Regulation of Vascular Smooth Muscle Cell Dysfunction Under Diabetic Conditions by miR-504
Objective—Diabetes mellitus accelerates proatherogenic and proinflammatory phenotype of vascular smooth muscle cell (VSMC) associated with vascular complications. Evidence shows that microRNAs (miRNAs) play key roles in VSMC functions, but their role under diabetic conditions is unclear. We profiled miRNAs in VSMC from diabetic mice and examined their role in VSMC dysfunction.
Approach and Results—High throughput small RNA-sequencing identified 135 differentially expressed miRNAs in VSMC from type 2 diabetic db/db mice (db/dbVSMC) versus nondiabetic db/+ mice. Several of these miRNAs were known to regulate VSMC functions. We further focused on miR-504, because it was highly upregulated in db/dbVSMC, and its function in VSMC is unknown. miR-504 and its host gene Fgf13 were significantly increased in db/dbVSMC and in aortas from db/db mice. Bioinformatics analysis predicted that miR-504 targets including signaling adaptor Grb10 and transcription factor Egr2 could regulate growth factor signaling. We experimentally validated Grb10 and Egr2 as novel targets of miR-504. Overexpression of miR-504 in VSMC inhibited contractile genes and enhanced extracellular signal-regulated kinase 1/2 activation, proliferation, and migration. These effects were blocked by miR-504 inhibitors. Grb10 knockdown mimicked miR-504 functions and increased inflammatory genes. Egr2 knockdown-inhibited anti-inflammatory Socs1 and increased proinflammatory genes. Furthermore, high glucose and palmitic acid upregulated miR-504 and inflammatory genes, but downregulated Grb10.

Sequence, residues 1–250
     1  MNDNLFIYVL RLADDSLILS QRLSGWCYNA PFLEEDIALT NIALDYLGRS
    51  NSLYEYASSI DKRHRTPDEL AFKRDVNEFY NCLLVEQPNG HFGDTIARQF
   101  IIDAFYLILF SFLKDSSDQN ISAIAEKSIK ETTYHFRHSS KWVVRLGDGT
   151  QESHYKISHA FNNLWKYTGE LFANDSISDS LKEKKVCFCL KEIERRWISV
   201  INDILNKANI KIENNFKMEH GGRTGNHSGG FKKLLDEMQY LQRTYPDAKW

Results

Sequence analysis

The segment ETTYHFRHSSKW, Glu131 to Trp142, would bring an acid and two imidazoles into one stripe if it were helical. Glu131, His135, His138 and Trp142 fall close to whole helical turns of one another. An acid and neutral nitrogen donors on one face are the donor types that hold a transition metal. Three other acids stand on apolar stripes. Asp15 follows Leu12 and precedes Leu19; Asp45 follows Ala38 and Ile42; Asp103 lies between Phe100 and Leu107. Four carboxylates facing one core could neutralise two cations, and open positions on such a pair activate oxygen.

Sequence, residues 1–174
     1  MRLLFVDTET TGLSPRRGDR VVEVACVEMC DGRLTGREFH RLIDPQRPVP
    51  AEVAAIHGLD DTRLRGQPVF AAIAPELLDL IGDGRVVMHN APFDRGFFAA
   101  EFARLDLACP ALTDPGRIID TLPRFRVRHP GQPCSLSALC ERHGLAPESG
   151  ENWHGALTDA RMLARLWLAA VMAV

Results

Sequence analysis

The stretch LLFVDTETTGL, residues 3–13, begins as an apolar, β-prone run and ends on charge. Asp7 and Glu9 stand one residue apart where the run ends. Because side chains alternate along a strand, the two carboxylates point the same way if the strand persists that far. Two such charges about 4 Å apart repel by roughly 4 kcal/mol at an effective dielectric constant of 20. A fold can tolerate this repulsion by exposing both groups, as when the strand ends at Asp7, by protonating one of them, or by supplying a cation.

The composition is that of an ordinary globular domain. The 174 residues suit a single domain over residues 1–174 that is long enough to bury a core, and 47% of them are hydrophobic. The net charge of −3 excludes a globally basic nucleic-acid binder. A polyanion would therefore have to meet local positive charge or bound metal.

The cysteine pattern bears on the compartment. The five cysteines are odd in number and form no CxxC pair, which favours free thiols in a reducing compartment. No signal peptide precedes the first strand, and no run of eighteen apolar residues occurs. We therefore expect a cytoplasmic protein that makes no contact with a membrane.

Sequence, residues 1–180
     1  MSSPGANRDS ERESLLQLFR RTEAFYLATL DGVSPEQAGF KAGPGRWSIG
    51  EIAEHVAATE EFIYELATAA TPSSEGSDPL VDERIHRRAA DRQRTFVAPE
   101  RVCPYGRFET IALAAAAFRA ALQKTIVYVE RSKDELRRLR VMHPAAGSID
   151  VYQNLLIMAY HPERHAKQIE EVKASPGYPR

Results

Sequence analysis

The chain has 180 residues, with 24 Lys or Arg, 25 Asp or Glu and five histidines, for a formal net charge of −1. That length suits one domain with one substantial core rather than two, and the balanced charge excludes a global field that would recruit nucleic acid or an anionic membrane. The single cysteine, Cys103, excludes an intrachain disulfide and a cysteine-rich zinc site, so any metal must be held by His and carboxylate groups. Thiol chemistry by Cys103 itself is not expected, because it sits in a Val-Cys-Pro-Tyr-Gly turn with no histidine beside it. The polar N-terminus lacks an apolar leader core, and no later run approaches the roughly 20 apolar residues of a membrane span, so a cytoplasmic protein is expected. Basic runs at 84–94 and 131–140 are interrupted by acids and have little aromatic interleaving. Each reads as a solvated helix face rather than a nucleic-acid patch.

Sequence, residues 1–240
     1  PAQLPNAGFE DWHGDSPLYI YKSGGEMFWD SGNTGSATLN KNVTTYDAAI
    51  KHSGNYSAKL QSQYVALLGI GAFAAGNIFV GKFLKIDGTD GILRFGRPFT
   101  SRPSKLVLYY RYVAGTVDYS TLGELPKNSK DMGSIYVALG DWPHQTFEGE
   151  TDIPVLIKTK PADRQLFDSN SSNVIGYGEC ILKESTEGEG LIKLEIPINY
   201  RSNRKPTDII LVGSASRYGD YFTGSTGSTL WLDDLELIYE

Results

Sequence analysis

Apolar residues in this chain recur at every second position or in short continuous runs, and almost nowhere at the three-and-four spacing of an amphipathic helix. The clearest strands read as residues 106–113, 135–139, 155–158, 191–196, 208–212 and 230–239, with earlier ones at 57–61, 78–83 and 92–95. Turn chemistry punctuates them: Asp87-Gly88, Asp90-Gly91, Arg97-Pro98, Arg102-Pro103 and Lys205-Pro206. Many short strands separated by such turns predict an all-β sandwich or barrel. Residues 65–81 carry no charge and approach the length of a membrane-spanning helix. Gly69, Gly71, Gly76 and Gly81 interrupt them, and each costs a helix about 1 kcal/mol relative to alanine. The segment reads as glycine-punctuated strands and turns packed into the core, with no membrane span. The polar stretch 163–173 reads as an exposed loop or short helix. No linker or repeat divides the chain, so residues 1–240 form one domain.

Conclusions—Diabetes mellitus misregulates several miRNAs including miR-504 that can promote VSMC dysfunction. Because changes in many of these miRNAs are sustained in diabetic VSMC even after in vitro culture, they may be involved in metabolic memory of vascular complications. Targeting such mechanisms could offer novel therapeutic strategies for diabetic complications.
- Received October 28, 2015.
- Accepted February 9, 2016.
- © 2016 American Heart Association, Inc.